WILDWOOD – When Jews light their Hanukkah menorah the evening of Dec. 2, they'll be celebrating religious freedom, commemorating the deliverance of the Jewish people from oppression by the Syrian Greeks.
While the "Festival of Lights" is similar to the Christian Christmas holiday with its lights, gifts and food traditions, the Jewish holiday hopes to remind others there are still people fighting for religious freedoms and of "bringing light to others that are still in need and live in darkness."
According to Rabbi Ron Isaacs of the Beth Judah Synagogue in Wildwood, Cape May County's only temple, "even though both Christmas and Hanukkah have the lights, gifts, and food celebrations, Hanukkah has a different story and different values than Christmas.
“There are many people today in the U.S. and all over the world that are still enslaved, and at Hanukkah, some Jewish families choose to donate to causes that work to help those who are yet to have light in their homes and in their world.
"The sole purpose of the lighting of the Hanukkah menorah is to publicize the miracle of a small group of fighters defeating the superior Syrian Greek army," he added. "It’s all about religious freedom and helping bring light to others that are still in need and live in darkness."
Isaacs, who has been a part-time rabbi at the Wildwood temple for three-and-one-half years after retiring from a Bridgewater temple after 40 years of service, said the story of Hanukkah is about a miracle that took place during the rededication of a temple some 2,000 years ago.
"The story is that there was only enough oil for one day, but it burned for eight days," Isaacs said. "In Judaism, we don't rely on saints or miracles like Christians. We believe the only one who can perform a miracle is God. The fact that the oil burned for eight days instead of one is considered a symbol of this small group of warriors who won a battle against a much bigger enemy. It celebrates the miracle of victory."
Hanukkah is celebrated with a series of rituals that are performed every day throughout the eight-day holiday. Each night, a candle or oil-based light is lit. The number of lights lit is increased by one each night.
Presents are often exchanged, special oily foods such as latkes (potato pancakes) and jelly doughnuts are eaten, and playing with the dreidel, a four-sided top, with songs can occur.
"I'm not sure when gift-giving became part of the celebration," Isaacs said, "and it's not required, but like many cultures and religions; customs and traditions are shared or adopted."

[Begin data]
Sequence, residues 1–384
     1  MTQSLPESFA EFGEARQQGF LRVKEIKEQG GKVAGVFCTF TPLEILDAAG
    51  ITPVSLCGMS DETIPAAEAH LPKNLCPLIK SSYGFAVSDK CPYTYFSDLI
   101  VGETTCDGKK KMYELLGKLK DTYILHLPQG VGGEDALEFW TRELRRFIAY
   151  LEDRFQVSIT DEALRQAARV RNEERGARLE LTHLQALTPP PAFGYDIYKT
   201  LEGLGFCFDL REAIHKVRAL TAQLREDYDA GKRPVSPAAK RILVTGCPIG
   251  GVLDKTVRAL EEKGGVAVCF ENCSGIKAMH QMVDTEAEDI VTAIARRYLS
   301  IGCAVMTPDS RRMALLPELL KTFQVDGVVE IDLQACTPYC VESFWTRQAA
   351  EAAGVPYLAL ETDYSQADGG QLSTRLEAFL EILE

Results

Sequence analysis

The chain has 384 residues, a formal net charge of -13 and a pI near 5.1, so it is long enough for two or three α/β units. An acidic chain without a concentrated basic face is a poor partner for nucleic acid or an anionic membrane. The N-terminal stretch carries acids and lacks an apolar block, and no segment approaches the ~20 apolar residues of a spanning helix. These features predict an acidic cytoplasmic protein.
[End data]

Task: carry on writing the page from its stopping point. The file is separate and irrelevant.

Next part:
Keeping the Jewish tradition alive can be challenging with the commercialism of Christmas, which celebrates the birth of Jesus Christ. Isaacs said religious education when children are young can help keep the Jewish tradition alive.
"Teaching one’s children is a religious commandment in the Jewish family, and religious education is a high priority," Isaacs said. "So as a rabbi, I have always encouraged my congregants to begin the lessons of Hanukkah at a very young age.
"To that end, while serving as a congregational rabbi, I would visit the Jewish pre-school in my temple for all Jewish holidays," he noted. "Parents, too, would be invited and we sing, play, light the Hanukkiah (the menorah), tell the Hanukkah story and begin at a very young age to appreciate the holiday of Hanukkah."
Many congregations have a large family Hanukkah program with food, song, entertainment and the lighting of the Hanukkah menorah.
"As Jewish kids grow older, they will obviously come into contact with families that do celebrate Christmas, and of course they will see Christmas lights all over town streets, in stores and Santa Claus will be waiting for visitors," he said.
"As kids grow older, we do point out in their religious education the differences between Hanukkah and Christmas, and their similarities," Isaacs added. "I have found that in families that have a strong Jewish identity and make holiday time fun and spiritual, kids will be happy to celebrate their holiday of Hanukkah while appreciating the holiday of Christmas and the holidays of other faiths in the winter months."
With all that being said, Isaacs acknowledged there are interfaith families that have chosen to celebrate both Christmas and Hanukkah. "Some have compromised and instead of a Christmas tree, display a so-called Hanukkah bush," he said. "These bushes are generally discouraged by most rabbis, but more liberal ones are likely not to object.
"Today it seems that the Christmas tree has often become a secular symbol of the American commercial Christmas holiday, and not the birth of Jesus," the rabbi pointed out. "There are Jewish families that feel that they can have a tree in the house without subscribing to the Christian element of the holiday," he noted.
Isaacs said his time at the Wildwood synagogue has "been a dream come true," with numerous ecumenical and faith-based events, especially during the summer season. Since joining the Wildwood congregation, he has knocked off at least one "bucket list" item.
"I always wanted to light a large menorah and was able to do that last year in Cape May," Isaacs said about the event that will take place on the Washington Street Mall.
"This year we're having latkes and music as part of our community outreach," he said.
The lighting will take place at 6 p.m. Dec. 8.
"Hanukkah is often the most favorite holiday in the Jewish faith," the rabbi said, "because of the lights, singing songs, eating special foods. It's easy to do. But it's about the little guy winning because of his faith. If you believe, if you have faith and spirit, that's what it's all about."
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